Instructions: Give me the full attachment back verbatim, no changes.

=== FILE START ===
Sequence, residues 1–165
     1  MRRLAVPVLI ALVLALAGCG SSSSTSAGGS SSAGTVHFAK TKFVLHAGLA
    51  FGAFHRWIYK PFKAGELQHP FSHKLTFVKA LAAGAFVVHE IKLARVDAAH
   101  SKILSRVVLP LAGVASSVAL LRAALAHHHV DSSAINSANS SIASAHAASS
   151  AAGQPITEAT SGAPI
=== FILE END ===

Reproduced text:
Sequence, residues 1–165
     1  MRRLAVPVLI ALVLALAGCG SSSSTSAGGS SSAGTVHFAK TKFVLHAGLA
    51  FGAFHRWIYK PFKAGELQHP FSHKLTFVKA LAAGAFVVHE IKLARVDAAH
   101  SKILSRVVLP LAGVASSVAL LRAALAHHHV DSSAINSANS SIASAHAASS
   151  AAGQPITEAT SGAPI